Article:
Following COVID-19 outbreak, on March 19th, the European Commission adopted a Temporary Framework to enable Member States to use the full flexibility foreseen under State aid rules to support the economy. The legal basis for the Temporary Framework is Article 107(3)(b) TFEU, which allows the Commission to declare compatible with the single European market aid measures granted by Member States to ‘remedy a serious disturbance in the economy of a Member State’. The Temporary Framework will be in place until December 31st, 2020.
To face the severe lack of liquidity and access to finance for undertakings, the State aid Temporary Framework provides for five types of aid that can be granted by Member States:
Direct grants, selective tax advantages and advance payments:
Commission will consider such measures as compatible State aid aimed at addressing the companies’ shortages of liquidity, provided that the following conditions are met:
- the aid does not exceed EUR 800 000 per undertaking in the form of direct grants, repayable advances, tax or payments advantages; all figures used must be gross (i.e., before any deduction of tax or other charge);
- the aid is granted on the basis of a scheme with an estimated budget;
- the aid may be granted to undertakings that were not in difficulty on 31 December 2019 but that entered in difficulty as a result of COVID-19 outbreak;
- the aid is granted no later than 31 December 2020;
- for the undertakings active in the processing and marketing of agricultural products the aid is conditional on not being partly or entirely passed on to primary producers and is not fixed on the basis of the price or quantity of products purchased from primary producers.
As for the agricultural, fisheries and aquacultural sectors specific the Temporary Framework provides for specific conditions.
Aid in the form of guarantees on loans
Member States will be able to provide State guarantees to ensure banks keep providing loans to undertakings so to help them to cover immediate working capital and investment needs.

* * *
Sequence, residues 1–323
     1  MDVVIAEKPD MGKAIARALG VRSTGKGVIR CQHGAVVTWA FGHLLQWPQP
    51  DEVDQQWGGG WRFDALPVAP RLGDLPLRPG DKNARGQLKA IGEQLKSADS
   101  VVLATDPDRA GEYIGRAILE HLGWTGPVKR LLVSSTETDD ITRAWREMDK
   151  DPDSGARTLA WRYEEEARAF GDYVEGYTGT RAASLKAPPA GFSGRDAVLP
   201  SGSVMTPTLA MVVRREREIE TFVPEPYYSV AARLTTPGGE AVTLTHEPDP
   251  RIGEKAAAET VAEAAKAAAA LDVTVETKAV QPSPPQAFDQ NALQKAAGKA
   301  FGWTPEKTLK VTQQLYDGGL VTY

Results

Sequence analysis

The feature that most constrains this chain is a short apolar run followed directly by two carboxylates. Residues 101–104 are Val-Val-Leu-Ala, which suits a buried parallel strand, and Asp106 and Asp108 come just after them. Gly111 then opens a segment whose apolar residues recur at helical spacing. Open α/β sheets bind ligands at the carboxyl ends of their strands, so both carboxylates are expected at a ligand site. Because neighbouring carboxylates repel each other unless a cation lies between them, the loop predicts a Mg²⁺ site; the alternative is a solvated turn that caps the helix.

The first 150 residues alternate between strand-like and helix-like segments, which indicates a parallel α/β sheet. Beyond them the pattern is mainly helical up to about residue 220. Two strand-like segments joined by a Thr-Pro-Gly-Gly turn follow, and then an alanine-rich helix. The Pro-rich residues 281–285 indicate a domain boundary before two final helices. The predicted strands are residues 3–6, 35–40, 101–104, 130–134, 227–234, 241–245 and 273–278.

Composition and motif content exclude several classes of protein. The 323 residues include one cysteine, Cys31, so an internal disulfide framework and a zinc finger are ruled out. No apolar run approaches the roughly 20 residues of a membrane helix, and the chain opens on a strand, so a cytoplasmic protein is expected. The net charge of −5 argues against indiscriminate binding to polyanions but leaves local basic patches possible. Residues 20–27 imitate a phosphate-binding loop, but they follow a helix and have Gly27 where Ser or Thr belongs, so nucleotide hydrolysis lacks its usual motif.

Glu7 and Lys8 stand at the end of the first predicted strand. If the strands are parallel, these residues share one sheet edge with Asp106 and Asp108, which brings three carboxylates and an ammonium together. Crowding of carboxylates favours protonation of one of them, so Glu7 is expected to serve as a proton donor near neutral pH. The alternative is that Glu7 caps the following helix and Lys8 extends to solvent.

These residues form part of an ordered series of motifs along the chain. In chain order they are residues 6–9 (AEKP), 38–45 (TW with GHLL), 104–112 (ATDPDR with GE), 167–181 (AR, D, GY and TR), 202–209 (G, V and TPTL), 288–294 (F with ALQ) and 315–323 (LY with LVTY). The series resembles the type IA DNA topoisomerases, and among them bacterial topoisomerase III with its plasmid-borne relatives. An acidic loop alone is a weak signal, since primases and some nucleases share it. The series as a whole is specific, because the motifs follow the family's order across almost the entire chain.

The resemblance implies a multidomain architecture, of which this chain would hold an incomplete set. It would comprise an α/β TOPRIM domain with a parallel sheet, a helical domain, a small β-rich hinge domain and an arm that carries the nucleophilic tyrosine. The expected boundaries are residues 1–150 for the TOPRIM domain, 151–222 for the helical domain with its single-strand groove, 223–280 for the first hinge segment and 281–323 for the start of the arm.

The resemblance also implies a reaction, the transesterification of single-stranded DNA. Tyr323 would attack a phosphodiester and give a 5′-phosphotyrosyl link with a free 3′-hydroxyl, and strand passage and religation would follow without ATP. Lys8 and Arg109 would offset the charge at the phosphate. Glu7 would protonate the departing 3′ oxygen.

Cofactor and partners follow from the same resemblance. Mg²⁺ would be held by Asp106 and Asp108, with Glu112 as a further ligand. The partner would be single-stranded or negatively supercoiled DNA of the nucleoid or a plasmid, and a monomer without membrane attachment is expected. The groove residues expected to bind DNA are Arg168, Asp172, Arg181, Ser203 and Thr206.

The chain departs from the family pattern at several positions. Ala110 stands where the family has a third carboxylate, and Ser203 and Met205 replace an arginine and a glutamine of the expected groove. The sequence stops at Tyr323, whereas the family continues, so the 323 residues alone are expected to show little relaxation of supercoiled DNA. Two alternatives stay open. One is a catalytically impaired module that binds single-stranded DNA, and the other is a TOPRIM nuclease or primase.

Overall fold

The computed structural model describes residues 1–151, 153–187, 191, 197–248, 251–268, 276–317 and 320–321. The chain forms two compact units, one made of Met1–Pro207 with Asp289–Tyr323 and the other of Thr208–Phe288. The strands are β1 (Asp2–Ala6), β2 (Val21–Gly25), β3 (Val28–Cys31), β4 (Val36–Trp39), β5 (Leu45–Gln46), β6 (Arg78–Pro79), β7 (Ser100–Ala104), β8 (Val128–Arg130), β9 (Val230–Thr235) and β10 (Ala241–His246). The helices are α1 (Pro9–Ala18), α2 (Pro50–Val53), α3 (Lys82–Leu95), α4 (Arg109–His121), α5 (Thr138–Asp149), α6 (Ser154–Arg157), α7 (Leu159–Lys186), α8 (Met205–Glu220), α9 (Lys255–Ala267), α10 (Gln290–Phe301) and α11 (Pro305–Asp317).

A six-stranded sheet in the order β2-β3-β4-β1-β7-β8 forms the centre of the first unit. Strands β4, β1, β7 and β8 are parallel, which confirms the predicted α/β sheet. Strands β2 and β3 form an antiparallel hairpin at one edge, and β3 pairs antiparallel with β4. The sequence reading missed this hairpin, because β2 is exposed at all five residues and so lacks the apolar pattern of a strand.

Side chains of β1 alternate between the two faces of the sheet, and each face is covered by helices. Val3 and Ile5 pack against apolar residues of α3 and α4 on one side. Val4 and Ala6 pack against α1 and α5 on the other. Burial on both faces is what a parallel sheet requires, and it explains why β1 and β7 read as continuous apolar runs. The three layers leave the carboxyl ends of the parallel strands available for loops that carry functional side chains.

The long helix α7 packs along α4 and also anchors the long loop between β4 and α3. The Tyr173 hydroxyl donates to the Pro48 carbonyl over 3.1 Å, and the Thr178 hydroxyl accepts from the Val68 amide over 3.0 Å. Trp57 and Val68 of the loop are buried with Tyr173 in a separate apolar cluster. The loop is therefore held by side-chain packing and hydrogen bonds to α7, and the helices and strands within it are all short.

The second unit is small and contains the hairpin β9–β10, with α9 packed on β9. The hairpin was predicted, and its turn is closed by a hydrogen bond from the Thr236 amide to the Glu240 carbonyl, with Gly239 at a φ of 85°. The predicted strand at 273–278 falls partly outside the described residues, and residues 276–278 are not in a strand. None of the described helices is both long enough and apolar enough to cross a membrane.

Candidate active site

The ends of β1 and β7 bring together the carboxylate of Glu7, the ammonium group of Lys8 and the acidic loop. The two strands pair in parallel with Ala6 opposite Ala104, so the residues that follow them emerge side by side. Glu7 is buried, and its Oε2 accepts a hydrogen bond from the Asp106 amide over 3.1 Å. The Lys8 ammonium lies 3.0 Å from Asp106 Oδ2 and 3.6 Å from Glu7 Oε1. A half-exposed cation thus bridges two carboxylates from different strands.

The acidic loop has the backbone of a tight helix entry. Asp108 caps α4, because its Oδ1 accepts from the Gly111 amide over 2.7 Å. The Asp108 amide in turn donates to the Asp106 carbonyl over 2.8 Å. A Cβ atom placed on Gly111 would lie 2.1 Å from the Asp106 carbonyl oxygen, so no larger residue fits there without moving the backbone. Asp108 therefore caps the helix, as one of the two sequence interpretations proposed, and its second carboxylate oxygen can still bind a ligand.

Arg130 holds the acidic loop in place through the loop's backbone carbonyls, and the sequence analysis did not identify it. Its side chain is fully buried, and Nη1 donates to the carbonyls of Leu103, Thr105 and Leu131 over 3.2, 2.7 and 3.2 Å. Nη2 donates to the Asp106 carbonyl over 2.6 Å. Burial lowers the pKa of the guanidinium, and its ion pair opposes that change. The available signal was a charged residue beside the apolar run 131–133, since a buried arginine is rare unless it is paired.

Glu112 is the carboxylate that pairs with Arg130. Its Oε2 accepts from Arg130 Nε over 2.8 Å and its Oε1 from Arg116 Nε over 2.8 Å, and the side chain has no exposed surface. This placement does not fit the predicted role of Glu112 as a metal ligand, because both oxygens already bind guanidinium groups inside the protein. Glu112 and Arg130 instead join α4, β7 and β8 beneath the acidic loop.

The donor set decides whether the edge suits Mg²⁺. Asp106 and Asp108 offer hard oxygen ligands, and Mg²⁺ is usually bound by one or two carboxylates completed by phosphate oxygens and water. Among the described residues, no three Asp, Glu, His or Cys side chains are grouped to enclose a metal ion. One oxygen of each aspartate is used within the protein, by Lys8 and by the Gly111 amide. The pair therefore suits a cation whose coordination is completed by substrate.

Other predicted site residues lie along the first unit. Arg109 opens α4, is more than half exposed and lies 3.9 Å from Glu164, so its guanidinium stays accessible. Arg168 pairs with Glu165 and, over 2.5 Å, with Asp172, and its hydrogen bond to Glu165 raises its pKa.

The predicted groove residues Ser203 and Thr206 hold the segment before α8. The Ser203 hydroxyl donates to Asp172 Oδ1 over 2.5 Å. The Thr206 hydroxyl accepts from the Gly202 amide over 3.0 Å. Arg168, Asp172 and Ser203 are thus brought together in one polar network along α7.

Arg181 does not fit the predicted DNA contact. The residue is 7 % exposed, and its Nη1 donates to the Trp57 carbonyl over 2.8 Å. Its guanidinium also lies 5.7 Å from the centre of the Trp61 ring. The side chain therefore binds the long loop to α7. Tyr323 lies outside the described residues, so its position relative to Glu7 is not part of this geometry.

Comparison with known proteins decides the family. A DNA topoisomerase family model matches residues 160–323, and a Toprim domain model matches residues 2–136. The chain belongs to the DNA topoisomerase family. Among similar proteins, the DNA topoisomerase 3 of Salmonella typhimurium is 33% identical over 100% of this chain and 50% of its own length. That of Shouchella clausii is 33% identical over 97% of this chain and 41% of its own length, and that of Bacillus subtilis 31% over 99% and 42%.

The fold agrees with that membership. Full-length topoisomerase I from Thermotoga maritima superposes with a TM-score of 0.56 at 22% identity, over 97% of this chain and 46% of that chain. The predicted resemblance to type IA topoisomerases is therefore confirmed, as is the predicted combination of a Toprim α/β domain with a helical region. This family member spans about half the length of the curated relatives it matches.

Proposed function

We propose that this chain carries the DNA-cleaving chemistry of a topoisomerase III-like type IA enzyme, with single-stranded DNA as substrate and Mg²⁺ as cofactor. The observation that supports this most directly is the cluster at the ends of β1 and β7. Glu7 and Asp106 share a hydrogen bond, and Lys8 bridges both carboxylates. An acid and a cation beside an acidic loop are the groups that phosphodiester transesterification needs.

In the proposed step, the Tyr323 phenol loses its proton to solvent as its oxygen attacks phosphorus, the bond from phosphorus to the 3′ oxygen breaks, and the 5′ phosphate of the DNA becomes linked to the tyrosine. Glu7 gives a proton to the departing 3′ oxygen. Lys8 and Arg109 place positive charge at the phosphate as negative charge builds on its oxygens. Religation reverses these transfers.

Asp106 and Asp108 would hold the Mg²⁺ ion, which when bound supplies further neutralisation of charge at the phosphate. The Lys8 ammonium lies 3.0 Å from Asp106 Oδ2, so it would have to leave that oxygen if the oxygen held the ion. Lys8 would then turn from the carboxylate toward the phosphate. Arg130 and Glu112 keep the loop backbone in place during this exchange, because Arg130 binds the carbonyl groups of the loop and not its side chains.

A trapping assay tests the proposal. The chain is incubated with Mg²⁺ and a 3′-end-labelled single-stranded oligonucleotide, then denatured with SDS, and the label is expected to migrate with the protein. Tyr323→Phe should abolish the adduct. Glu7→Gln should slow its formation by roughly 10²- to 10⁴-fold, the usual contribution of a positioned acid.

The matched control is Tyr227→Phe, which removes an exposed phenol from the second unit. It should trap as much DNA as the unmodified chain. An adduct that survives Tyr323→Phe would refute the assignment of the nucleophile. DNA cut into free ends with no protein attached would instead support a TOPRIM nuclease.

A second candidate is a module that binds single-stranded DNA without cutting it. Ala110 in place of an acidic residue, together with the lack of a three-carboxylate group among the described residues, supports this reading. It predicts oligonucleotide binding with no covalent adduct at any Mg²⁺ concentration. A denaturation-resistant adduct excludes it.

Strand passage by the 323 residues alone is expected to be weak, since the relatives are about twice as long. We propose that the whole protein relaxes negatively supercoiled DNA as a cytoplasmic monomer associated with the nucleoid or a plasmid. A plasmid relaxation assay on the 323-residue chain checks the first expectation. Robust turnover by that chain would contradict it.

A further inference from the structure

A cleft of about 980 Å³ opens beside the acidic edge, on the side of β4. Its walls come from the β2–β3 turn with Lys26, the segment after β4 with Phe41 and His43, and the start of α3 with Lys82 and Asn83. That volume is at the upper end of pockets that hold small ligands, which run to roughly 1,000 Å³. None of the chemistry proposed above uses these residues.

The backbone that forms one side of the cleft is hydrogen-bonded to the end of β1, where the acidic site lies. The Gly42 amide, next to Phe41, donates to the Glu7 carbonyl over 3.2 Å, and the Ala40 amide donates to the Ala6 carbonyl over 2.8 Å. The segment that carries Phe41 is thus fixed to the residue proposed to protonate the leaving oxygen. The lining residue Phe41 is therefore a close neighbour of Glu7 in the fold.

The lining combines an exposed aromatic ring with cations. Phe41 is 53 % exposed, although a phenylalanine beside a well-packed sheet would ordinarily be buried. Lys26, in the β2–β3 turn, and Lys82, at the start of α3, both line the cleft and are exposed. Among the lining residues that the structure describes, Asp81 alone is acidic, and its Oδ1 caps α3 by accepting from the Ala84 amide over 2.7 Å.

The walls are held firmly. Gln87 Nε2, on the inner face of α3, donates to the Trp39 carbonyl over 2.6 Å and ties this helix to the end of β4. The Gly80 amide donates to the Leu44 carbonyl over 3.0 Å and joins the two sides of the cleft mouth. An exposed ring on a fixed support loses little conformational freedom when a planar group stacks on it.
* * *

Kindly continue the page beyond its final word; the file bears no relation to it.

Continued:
Aid in the form of subsidised interest rates for loans
Member States may grant public loans at subsidised interest rates to firms which were not in difficulty on 31 December 2019 but entered into difficulties thereafter as a result of the epidemic.
Aid in the form of guarantees and loans channelled through credit institutions or other financial institutions
Aid measures referred to above may be provided to undertakings (in particular to SMEs) facing a sudden liquidity shortage directly or through credit institutions and other financial institutions. In the latter case, the aid should benefit final undertakings and not constitute an indirect advantage to the banks themselves. The latter should adopt mechanisms which ensure that the advantages are passed on to the largest extent possible to the final beneficiaries, in the form of higher volumes of financing, riskier portfolios, lower collateral requirements, lower guarantee premiums or lower interest rates.
Short-term export credit insurance
Export-credits enable foreign buyers of goods and/or services to defer payment. Deferred payment implies credit risk for the seller/exporter, against which they insure themselves, typically with the private insurers (so-called export credit insurance).
With the adoption of the Temporary Framework, it has been introduced an additional flexibility on how to demonstrate that certain countries are not-marketable risks, thereby enabling short-term export credit insurance to be provided by the State where needed.
Due to the worsening of the coronavirus outbreak and in view of an imminent insufficiency of private insurance capacity for exports to all countries, on March 27th, 2020, the Commission has decided to consider all countries as temporarily non-marketable and to remove all countries from the list of “marketable” countries until 31 December 2020. Following the amendment, State insurers will be able to step in and provide insurance for short-term export-credit risk for all countries, without the need for the Member State in question to demonstrate that the respective country is temporarily “non marketable”.